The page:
Many of the world's leading scientific institutions announced the May 9 launch of the Encyclopedia of Life, an unprecedented global effort to document all 1.8 million named species of animals, plants, and other forms of life on Earth. For the first time in the history of the planet, scientists, students, and citizens will have multi-media access to all known living species, even those that have just been discovered.
"The Encyclopedia of Life will provide valuable biodiversity and conservation information to anyone, anywhere, at any time," said Dr. James Edwards, currently Executive Secretary of the Global Biodiversity Information Facility.
The Field Museum of Natural History, Harvard University, Marine Biological Laboratory, Smithsonian Institution, and Biodiversity Heritage Library joined together to initiate the project, bringing together species and software experts from across the world. The Missouri Botanical Garden has become a full partner, and discussions are taking place this week with leaders of the new Atlas of Living Australia. The Encyclopedia also announced the initial membership of its Institutional Council, which spans the globe, and whose members will play key roles in realizing this immense project. An international advisory board of distinguished individuals will also help guide the Encyclopedia.
The effort is spurred by a $10 million grant from the John D. and Catherine T. MacArthur Foundation and $2.5 million from the Alfred P. Sloan Foundation, and will ultimately serve as a global beacon for biodiversity and conservation.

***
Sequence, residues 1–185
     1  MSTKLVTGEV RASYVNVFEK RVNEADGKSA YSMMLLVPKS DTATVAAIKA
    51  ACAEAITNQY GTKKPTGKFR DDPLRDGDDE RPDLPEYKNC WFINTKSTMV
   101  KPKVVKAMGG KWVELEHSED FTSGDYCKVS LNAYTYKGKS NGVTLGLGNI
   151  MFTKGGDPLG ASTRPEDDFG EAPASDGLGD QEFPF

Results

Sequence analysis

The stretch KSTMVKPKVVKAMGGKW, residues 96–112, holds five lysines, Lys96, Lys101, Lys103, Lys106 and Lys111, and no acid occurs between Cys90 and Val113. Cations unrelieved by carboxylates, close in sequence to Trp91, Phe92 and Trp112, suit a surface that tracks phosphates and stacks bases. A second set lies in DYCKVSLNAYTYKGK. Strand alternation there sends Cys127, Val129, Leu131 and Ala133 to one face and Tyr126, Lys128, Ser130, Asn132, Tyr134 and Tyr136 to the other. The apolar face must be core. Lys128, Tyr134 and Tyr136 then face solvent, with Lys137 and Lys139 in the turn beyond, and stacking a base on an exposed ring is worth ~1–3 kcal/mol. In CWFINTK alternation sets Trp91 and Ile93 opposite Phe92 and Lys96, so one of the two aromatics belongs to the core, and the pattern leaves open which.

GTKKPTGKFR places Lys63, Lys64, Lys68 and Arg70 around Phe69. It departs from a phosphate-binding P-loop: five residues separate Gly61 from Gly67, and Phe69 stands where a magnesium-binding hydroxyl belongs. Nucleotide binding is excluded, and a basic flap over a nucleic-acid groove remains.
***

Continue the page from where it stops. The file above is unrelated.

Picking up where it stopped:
"Through collaboration, we all can increase our appreciation of the immense variety of life, the challenges to it, and ways to conserve biodiversity" said Dr. Edwards, who has been named executive director of the Encyclopedia of Life. "The Encyclopedia of Life will ultimately make high-quality, well-organized information available on an unprecedented level. Even five years ago, we could not create such a resource, but advances in technology for searching, annotating, and visualizing information now permit us, indeed mandate us to build the Encyclopedia of Life.
Over the next 10 years, the Encyclopedia of Life will create Internet pages for all 1.8 million species currently named. It will expedite the classification of the millions of species yet to be discovered and cataloged as well. The pages will provide written information and, when available, photographs, video, sound, location maps, and other multimedia information on each species. Built on the scientific integrity of thousands of experts around the globe, the Encyclopedia will be a moderated wiki-style environment, freely available to all users everywhere.